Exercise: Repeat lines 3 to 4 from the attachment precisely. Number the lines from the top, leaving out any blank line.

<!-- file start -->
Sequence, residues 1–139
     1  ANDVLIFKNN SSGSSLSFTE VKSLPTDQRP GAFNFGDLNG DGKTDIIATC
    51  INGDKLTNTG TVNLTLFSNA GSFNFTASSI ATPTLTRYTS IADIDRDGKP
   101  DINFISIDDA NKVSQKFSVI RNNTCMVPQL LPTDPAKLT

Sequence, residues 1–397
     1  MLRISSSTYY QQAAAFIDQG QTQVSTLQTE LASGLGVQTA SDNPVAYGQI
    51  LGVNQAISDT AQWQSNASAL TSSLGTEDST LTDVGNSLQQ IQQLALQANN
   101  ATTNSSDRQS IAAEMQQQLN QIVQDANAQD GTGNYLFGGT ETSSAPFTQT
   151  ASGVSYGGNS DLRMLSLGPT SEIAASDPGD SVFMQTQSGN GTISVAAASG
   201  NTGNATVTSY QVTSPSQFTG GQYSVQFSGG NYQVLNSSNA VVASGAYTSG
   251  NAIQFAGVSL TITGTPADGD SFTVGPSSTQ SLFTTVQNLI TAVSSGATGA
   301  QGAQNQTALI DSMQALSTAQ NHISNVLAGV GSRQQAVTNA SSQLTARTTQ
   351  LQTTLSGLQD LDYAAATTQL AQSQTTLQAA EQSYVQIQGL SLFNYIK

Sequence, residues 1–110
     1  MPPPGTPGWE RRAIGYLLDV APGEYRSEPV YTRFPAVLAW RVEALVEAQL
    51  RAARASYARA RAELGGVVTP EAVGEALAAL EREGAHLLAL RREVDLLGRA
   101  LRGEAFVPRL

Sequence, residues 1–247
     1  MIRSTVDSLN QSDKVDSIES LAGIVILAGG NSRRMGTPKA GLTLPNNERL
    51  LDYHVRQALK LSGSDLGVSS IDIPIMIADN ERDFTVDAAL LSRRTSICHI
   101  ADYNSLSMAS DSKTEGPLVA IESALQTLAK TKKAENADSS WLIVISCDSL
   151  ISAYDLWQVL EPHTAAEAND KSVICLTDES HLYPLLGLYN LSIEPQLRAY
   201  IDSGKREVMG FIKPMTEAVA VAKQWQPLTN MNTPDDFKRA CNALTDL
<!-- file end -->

    51  INGDKLTNTG TVNLTLFSNA GSFNFTASSI ATPTLTRYTS IADIDRDGKP
   101  DINFISIDDA NKVSQKFSVI RNNTCMVPQL LPTDPAKLT